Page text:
Scratch two days; seven session days to go.
The House of Representatives on Tuesday failed again to tackle the Freedom of Information (FOI) bill despite assurances given by Speaker Feliciano Belmonte Jr. to the bill’s authors that their sponsorship speeches will be allowed that day.
The FOI bill was on the official business of the House, and the sponsorship speeches of six lawmaker-authors had been lined up for the day.
That was supposedly until Davao del Sur Rep. Marc Douglas Cagas IV threatened to question the lack of quorum, if his motion was not heard.
Cagas, a two-term congressman who is running for governor of his province, had asked the House to stop sending to the congressional archive a law that President Aquino had signed creating the new province of Davao Occidental. The new province was formed with five towns carved out of Davao del Sur.
The FOI bill’s authors said they were completely surprised by Cagas’s motion.
“It was like an asteroid that fell from nowhere and hit us,” said Akbayan Party-list Rep. Walden Bello.
Ifugao Rep. Teddy Baguilat said Cagas’s motion was totally “out of the radar” of the FOI bill’s authors.
But the FOI advocates were the most disappointed. When the session was suspended without any explanations given by the majority, about a hundred members of the Right to Know, Right Now! Coalition rose from their seats in the gallery and altogether made the thumbs-down sign for all the lawmakers to see. In silence for about five minutes, the Coalition members stood at the gallery flashing the thumbs-down sign at the lawmakers.
Rep. Cagas’s father Douglas is the incumbent governor of Davao del Sur. The young Cagas, a minority lawmaker affiliated with the Nacionalista Party, is running against his clan’s long-time rival Claude Bautista. The elder Cagas, meanwhile, is running for mayor of Digos City against re-electionist mayor Joseph Peñas. The Commission on Elections has declared Davao del Sur as an “area of concern.”
Rep.Cagas was one of 117 House members who signed in July 2012 a statement of commitment to pass the FOI bill, on initiative of Rep. Bello.
It was only last week, on Jan. 14, 2013, when President Aquino signed into law Republic Act No. 10360 creating the province of Davao Occidental. The law’s signing was reported in the newspapers only this Tuesday.
But according to Rappler’s Miriam Grace Go, the bill’s proponents had initially asked that the law be submitted to a plebiscite in time for the May 2013 elections, but the Senate approved the bill only in October 2012.
The law that Aquino signed provides for a plebiscite to be conducted by the Comelec within 60 days from the effectivity of Davao Occidental’s charter, “or within two months from Feb. 5.” That date would fall right smack in the middle of the campaign period for the May 2013 elections.
The law provides, too, that “the first set of officials of the Province of Davao Occidental will be elected in the next national and local elections following the effectivity of this Charter,” Rappler reported.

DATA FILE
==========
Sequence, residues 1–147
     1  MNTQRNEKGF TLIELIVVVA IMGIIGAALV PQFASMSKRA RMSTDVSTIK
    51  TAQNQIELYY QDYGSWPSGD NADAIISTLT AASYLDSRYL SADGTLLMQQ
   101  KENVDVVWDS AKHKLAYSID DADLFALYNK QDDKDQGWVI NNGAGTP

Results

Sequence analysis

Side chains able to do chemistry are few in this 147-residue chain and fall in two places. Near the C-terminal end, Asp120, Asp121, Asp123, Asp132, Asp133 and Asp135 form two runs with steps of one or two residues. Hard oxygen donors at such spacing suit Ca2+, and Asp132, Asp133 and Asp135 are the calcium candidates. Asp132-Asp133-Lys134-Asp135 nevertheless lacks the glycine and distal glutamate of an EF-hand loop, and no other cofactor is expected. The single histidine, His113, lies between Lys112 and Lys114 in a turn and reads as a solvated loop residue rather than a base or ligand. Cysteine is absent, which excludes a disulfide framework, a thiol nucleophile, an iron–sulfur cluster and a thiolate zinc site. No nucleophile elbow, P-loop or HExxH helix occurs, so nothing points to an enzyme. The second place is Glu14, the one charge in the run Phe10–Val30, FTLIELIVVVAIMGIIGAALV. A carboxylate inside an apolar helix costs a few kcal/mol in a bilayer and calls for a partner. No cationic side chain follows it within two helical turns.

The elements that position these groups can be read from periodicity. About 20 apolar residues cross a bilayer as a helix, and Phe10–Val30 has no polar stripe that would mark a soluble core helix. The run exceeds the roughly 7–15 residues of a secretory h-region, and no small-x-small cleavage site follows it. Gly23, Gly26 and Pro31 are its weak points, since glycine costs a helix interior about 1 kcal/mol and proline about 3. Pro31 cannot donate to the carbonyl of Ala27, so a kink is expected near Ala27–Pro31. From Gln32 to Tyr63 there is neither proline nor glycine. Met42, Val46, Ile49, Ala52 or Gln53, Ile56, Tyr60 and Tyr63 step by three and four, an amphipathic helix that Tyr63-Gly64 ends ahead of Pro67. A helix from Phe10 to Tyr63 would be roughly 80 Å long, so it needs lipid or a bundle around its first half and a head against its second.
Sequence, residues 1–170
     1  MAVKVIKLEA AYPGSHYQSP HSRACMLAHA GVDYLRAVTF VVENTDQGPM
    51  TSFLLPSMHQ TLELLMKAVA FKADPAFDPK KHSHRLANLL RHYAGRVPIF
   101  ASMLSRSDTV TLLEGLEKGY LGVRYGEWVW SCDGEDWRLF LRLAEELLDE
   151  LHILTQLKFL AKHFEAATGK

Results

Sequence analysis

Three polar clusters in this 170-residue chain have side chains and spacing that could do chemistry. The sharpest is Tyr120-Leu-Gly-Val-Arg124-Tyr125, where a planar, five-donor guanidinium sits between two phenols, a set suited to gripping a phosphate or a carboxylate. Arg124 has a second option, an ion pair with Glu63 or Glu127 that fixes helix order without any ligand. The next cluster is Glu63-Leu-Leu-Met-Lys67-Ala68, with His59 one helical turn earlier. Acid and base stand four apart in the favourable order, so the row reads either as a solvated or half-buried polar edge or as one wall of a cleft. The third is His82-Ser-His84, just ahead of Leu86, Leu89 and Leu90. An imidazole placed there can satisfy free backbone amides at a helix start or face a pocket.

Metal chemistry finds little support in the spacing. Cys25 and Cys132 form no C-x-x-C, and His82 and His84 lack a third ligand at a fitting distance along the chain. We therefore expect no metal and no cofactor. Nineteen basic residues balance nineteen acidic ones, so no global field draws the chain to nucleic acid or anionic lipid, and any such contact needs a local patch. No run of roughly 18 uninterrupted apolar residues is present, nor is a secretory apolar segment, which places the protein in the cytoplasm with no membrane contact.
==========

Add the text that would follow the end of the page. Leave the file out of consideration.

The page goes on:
Yet because the election period has commenced, the Comelec had decided to postpone the plebiscite for Davao Occidental and the election of a representative for the newly created congressional district of Cabanatuan City, to after May 2013.
Deputy Majority Leader Bolet Banal said that the House leaders have had to suspend Tuesday’s session at 5:20 p.m. because there was indeed no quorum at the House. The chamber thus failed to tackle the FOI bill even as he showed the day’s order of business with a list of six lawmakers scheduled to deliver sponsorship speeches.
Banal said he and his colleagues had counted at most 114 lawmakers present at the session hall and at the lawmakers’ lounge, or 30 short of the 144 required to achieve a quorum in the 287-member chamber.
Deputy Speaker Lorenzo Tanada III said he and the other FOI bill authors tried to convince Cagas to drop his quorum call but Cagas would not budge. In fact, according to Tanada, Cagas had sad he would question the lack of a quorum again on Wednesday, if the House will not give in to his motion.
According to Tanada, the only way to get the FOI bill sponsored and tackled in plenary is to have a quorum on Wednesday.
Baguilat said it is, in fact, the obligation of all House members to attend all session days, and that perhaps Speaker Belmonte should now “authorize” or compel all House members to attend the next session days.
Interviewed by reporters, Tanada called Cagas’s concern “parochial.” Another lawmaker lamented Cagas’s quorum call ploy to push his motion on Davao Occidental a case of “a congressman holding the FOI hostage to a personal, political concern.”
But by all indications, Cagas’s problem – now also a problem for the FOI bill – may be less parochial than it is political. By all indications, too, it is bad politics with bad timing, courtesy no less of President Aquino, who signed the law creating Davao Occidental just as the election period had already started.
Meanwhile, Aquino has chosen to ignore calls for him to certify to the urgency of the FOI bill. He flies to Davos, Switzerland, on Wednesday to attend the World Economic Forum saying zilch and doing nothing as yet to move the FOI bill into law in the last nine — now seven — session days before the 15th Congress adjourns on Feb. 8 for the May 2013 elections.